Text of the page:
But it's not just death Noor avoids: he tries to not even hit anyone, not even as a warning shot. Who doesn't give a warning hit? The savage. Give him credit though — through a lot of random quests, and — ugh — helping others, he managed to get to the highest level of the game without killing a thing. Although, really, what's the point of that? We'd joke that his version of the game should be called World of Lovecraft, except that's a whole other thing entirely.

Play a perfect game of Pac-Man, which takes three hours

This is approximately two hours and fifty-five minutes longer than any normal human being can stand playing Pac-man. Seriously, it's the same level every time. Odds are you hit Level 2 and then gave up because, while Pac-Man is a revolutionary game that countless kids and arcade nuts have played to death for the past 35 years, Pacman also sucks.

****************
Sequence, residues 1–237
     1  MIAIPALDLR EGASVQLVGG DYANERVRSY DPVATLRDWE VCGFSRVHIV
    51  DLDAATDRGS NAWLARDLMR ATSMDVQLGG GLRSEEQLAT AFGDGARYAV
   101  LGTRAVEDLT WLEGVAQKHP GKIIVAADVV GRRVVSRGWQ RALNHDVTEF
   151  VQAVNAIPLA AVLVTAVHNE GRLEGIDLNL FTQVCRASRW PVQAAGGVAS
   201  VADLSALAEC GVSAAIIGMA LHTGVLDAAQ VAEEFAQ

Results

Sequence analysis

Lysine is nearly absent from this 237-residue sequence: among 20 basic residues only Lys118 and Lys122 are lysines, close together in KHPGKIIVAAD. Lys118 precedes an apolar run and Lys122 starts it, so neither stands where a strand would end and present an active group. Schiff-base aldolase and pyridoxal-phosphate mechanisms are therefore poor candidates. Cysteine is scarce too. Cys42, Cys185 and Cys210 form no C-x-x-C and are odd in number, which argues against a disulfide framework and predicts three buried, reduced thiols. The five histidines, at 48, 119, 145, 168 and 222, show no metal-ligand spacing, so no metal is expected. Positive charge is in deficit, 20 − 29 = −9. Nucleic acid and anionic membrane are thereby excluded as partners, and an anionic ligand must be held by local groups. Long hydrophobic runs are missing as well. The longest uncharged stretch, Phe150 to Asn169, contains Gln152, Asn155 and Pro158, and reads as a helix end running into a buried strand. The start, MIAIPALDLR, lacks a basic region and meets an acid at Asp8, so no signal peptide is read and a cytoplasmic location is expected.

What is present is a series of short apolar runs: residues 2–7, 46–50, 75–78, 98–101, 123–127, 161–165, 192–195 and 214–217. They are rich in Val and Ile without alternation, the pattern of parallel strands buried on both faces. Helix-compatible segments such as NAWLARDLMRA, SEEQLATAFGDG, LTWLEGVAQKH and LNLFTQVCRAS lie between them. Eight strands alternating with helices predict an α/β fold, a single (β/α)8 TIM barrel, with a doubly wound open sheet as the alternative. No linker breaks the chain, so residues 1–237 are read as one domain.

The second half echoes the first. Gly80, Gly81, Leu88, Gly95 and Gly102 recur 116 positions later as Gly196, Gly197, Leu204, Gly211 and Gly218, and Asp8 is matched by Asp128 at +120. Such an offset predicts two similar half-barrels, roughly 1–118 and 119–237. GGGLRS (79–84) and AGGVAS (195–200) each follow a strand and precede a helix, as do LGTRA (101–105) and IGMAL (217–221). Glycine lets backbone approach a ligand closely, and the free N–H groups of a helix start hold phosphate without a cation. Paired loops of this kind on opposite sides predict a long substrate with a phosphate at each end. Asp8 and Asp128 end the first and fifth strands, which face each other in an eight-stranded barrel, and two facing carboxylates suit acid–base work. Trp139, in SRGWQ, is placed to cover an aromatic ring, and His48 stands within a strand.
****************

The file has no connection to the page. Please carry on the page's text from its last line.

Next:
Despite that undeniable fact, a bunch of people have dedicated themselves to beating the entire game, which means grinding through 255 identical levels, and achieving a perfect score of 3,333,360. Dave Race (which is almost certainly not his real name) is the current record holder, having beaten the game in three hours and thirty three minutes. This again, is time you could spend doing literally anything else. Watching the sunset. Smelling flowers. Playing Galaga. Anything else.

Oh, and if you're wondering what happens when you beat all 255 levels? The game crashes — that's it. Not even Pac-Man expected you to play that much Pac-Man, so the fact that you did is pure information overload.

See all of Fallout 4 in just 750 hours